The land on which the borough of Cleona is situated was part of a 1741 land grant from William Penn to John Kreider, a Swiss-German Mennonite who emigrated from Germany. The land, a part of North Lebanon Township, remained in the Kreider family until 1883.
In that year, Henry Lentz Long of North Cornwall Township, Lebanon County and William L. Kreider, Londonderry Township, Lebanon County purchased four (4) acres of farmland from Michael K. Kreider and wife Sarah. In succeeding years and now in partnership with his son, John Henry, additional farmlands were purchased from Michael Kreider totaling 138 acres. At present this land comprises the north side of Cleona which has been developed as well as the farmlands and buildings north of the Pennsylvania and Reading Railroad.
The first building (see photo to left) was a warehouse built by the Longs on the original four acre purchase of farmland in 1883 which became the nucleus of the town of Cleona. This warehouse provided building supplies, coal, and feed for animals for the surrounding area. In 1922, it became the John H. Long and Sons Lumber Company, continuing to supply lumber for the building trades to the growing community. This building, located on the north side of West Pine Street, is at present used for storage.
In 1890, John H. Long built the first house in Cleona on the southwest corner of what is now North Center and West Pine Streets in which he and his wife, Fannie Kettering Long, began to rear their family. Their first child, Virgie Cleona (1890-1892) was the first child born in Cleona. This house is still a residence today.
The Michael Kreider farmlands containing the house, barn and other out-buildings were purchased in 1901 by the Longs. This farm, located north of the Pennsylvania and Reading Railroad, was never developed, but was owned and operated by Henry L. Long until his death in 1923, at which time his son, John H. began operation. From 1930-37 the farm was tenanted by the Henry Dourte family and from 1937 through the early 1940’s by the Victor Hoffer family. Eventually, the farm passed to Mary Long Bowman, wife of Ammon Bowman whose son J. Alfred and wife, E. Fay Ginder Bowman, began operation. This beautiful, productive farm is still operated by them at the present time. On the farm located in a field to the east of North Center Street extension is the Kreider family cemetery. The cemetery plot is enclosed with a substantial iron fence and measures approximately 20 x 42 feet. It contains about 17 burials from 1805 to 1866, all Kreiders except two, a Daily and an Elliot. There are two rows of graves running north and south, one row adults, one row children, mostly with German inscriptions.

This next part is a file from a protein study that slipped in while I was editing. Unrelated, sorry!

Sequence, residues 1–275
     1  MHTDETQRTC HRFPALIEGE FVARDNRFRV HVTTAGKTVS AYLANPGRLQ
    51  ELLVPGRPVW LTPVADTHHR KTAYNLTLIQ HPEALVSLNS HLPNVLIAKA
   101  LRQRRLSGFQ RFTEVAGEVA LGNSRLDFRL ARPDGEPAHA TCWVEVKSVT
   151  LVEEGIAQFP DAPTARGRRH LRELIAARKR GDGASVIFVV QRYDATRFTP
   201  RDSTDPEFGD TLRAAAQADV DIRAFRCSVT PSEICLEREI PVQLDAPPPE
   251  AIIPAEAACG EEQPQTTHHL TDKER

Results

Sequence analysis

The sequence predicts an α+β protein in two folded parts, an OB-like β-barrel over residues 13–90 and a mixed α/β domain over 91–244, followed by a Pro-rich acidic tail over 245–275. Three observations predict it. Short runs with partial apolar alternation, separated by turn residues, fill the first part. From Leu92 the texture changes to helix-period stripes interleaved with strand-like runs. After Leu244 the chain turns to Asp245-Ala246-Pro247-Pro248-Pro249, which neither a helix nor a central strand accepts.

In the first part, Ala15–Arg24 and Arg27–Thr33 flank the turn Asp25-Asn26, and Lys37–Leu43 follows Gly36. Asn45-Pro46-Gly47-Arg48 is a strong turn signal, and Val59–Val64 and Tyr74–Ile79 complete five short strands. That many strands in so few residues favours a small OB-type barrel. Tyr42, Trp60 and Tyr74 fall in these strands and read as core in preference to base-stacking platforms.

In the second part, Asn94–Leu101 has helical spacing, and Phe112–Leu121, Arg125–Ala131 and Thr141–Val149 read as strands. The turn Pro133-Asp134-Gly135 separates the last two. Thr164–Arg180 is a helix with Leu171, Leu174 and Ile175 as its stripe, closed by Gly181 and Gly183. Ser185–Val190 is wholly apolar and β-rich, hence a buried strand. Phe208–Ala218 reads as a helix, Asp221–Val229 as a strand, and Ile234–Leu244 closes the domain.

In 1928, in partnership with his son, John C. Long, J. H. Long with George Darkes and John C. Houck purchased a 160 acre tract of farmland south of U. S. Route 422 (Penn Avenue-Berks and Dauphin Turnpike) in North Cornwall Township. This land was also planned into city blocks and building lots for the further expansion of Cleona.
There was a great sense of community. As early as 1894, a school was established and small businesses began to develop. People took pride in their small town. As it grew, churches were established, businesses continued to multiply, playgrounds were developed, a new school was built to accommodate the growing population, and sports programs were begun. Incorporated into a borough in 1929, Cleona, over the years, has grown from a small town to a borough of more than 2100 citizens.